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Jim Huntzinger

Jim Huntzinger: Respect for People is Getting Your Hands Dirty

By Jim Huntzinger, - Last updated: Thursday, November 4, 2010 - Save & Share - Leave a comment

There are multiple ways and methods to define respect for people.  Instead of specially defining it, I will give an example which illustrates one aspect of respect for people based on my experience.

Note:  At the time of my story, I was not thinking about respect for people in the context of TPS, although I knew about it.  I was only thinking about my activity in the context of TPS as; I needed to get tasks done in order to get the lines running and flow functioning.  Only in reflection, many years later, did I grasp the function of respect for people as a result of what I was doing at that time.

In order to implement flow I was taking traditional batch machining departments – that is; a department arranged in process (machine) groups with large batches pushed through the machine groups – and rearranging them into one-piece flow machining cells.  And moving the cells to the other side of a million-plus square foot plant.  In order to do this, I had to learn each process of a twenty-plus step process (machining processes) of an engine component.  This meant days and weeks of observation, timing each operation over and over again, and asking seemingly endless questions of the operators, set-up men and foremen.  All of which I did over the course of months.  And continually explaining what I was doing and why I was doing it.  Again, none of this – from my perspective at the time – had anything to do with the respect for people side of TPS or lean.  It was getting the task done of moving from the batch department to the flow cell.

I was also integrating new technology into the process – CNC machine tools.  I was doing significant process testing on a test CNC lathe to prove out the process changes I was going to make – proving sequence changes, machine capability, and quality performance.  And, continually showing and discussing my ideas and progress with the operators, set-up men and foremen, who were often skeptical of my ideas and changes.  And, BTW, all of the existing machine tools used to machine this family of components ranged in age from the early 1970s to the early 1940s – it was old equipment so say the least.

I also continually showed them my cell layouts, which continually evolved, and discussed my reasons always showing data of: process times, operator times (which I had developed watching and timing them), machine capacity, machine capability, standard work, and many other pieces of information.  Always listening carefully to their concerns and ideas – often because I knew they had valid holes they punched in my ideas and these needed addressed to make the new cells work mechanically (machines and processes) and functionally (standard work and people capabilities).

When the time finally arrived to put the new flow cell into place and begin operations with them, naturally a may lay of problems occurred – from the mechanics of the machine tools to training of operators and everything in-between.  It was not unexpected, although very frustrating at times.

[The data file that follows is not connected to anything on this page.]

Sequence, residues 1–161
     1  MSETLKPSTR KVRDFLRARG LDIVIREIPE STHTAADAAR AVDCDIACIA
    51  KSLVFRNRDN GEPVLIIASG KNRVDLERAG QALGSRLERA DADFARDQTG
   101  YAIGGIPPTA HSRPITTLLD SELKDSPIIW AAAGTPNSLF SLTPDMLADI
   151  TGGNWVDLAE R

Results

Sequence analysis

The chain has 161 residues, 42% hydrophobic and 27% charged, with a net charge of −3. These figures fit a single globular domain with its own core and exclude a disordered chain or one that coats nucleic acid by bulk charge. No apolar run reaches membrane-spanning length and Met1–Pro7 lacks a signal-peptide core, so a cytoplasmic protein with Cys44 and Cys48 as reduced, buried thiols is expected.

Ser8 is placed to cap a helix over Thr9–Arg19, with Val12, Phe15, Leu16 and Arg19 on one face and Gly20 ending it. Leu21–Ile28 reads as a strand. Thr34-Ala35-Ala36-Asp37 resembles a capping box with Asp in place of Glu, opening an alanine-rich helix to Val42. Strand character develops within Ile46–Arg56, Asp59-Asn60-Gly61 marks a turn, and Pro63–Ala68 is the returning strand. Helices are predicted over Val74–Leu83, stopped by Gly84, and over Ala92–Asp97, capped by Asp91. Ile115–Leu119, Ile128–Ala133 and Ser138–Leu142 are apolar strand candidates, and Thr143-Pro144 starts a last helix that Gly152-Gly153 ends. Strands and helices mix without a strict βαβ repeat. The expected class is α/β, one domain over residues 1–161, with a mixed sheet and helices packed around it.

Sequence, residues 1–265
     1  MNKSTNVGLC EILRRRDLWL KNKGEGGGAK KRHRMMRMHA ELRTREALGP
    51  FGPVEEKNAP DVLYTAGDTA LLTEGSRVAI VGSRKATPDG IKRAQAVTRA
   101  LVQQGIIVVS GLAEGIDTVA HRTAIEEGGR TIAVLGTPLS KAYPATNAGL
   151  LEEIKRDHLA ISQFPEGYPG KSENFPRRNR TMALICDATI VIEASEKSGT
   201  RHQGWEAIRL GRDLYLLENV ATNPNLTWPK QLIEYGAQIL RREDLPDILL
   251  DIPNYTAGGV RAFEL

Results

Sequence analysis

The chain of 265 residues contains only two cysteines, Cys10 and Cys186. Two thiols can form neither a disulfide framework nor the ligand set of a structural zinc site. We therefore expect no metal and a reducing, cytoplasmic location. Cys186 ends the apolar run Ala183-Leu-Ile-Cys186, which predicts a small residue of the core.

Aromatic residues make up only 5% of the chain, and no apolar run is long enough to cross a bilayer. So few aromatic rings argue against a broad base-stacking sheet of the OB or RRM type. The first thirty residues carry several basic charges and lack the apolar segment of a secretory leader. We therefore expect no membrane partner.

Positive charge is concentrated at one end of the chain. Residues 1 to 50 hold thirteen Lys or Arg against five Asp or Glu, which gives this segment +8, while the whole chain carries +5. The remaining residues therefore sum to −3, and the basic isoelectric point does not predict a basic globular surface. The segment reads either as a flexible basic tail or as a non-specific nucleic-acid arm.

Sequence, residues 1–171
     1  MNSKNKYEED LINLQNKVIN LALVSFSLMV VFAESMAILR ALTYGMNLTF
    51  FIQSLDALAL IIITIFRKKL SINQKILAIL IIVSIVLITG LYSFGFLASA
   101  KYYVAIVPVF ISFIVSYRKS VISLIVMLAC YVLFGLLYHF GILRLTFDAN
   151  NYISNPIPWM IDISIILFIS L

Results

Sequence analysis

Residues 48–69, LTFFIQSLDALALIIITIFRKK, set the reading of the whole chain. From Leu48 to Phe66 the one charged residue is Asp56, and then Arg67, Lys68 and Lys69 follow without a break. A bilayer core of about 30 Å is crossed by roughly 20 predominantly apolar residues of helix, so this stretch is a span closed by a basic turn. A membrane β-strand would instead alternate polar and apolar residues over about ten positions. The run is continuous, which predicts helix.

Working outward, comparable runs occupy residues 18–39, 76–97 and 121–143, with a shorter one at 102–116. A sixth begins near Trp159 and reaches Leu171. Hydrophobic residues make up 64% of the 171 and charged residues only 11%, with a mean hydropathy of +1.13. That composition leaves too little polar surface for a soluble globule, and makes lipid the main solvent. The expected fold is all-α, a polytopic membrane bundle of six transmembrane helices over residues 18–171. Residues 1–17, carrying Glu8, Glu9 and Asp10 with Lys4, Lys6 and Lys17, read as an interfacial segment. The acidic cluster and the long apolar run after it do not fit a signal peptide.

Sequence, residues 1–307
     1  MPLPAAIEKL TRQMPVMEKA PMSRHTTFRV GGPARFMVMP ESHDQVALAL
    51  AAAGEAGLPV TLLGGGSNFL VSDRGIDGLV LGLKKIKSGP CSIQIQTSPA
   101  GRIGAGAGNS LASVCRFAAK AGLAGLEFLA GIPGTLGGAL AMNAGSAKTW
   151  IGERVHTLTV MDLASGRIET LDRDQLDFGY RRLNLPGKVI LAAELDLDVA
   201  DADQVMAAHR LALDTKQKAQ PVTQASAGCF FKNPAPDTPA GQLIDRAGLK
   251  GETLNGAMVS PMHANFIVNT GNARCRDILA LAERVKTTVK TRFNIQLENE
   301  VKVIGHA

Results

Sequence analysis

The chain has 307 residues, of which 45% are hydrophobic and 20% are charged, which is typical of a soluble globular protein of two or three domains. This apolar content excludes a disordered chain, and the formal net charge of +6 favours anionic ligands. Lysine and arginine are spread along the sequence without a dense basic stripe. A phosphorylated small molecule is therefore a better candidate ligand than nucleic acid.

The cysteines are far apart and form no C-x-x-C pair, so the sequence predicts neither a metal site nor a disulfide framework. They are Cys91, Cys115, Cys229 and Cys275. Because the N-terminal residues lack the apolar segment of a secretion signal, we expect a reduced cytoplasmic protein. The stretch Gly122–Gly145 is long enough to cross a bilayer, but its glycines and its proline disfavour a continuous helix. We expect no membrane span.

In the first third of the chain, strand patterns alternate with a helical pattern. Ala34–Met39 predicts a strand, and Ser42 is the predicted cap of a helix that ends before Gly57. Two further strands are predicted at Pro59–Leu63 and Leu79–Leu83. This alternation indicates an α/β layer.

So my life was no longer in the old department, but living and crawling all over the new cells.  And working with the operators, set-up men and foremen (now called Team Leaders!) on getting it debugged and running according to the standard work and takt time.  Me, supposedly being the “lean” guy, but especially because I was the engineer who developed and put the plan together, was the point man for getting the line to function and operate according to our – in Mike Rother terms – target condition.  This manifested itself into me be called upon to do nearly everything on the line (although always working with operators, set-up men, Team Leaders, and maintenance) – from running parts, programming machines, adjusting tools and fixtures, trouble-shooting down machines, training operators & set-up men, turning wrenches when repairing things, to coming-in in the middle of the night when 3rd shift had issues.

The key point to this story I am sharing is this – this company was a union shop which had very bad relations between the union and its management.  Everything I mentioned in the previous paragraph that I was doing was absolutely a violation of union rules.  I could have nearly been “written-up” every day for months by the actions I was taking to support the line.  But I was not ever written-up – it was never even brought up.  In fact, I never even thought about it.

The folks I was working with during this time – the operators, set-up mean and supervisors – were focused, like I was, on the task at hand.  And we all had developed mutual respect (This is the respect for people lesson here!) for each other, even though we would frequently question each other.  None of us (and me in particular) did this for any lean or TPS reason (or maybe because we did unknowingly, and that is the key to respect for people), we simply shared and communicated openly and constantly through the entire process.

In reflection, I clearly see now the amazing and beneficial “respect for people” that comes from it.  And, I learned so much from working with these folks that it soundly resonates with me and my view on this to this very day.  For me, this was respect for people in action.

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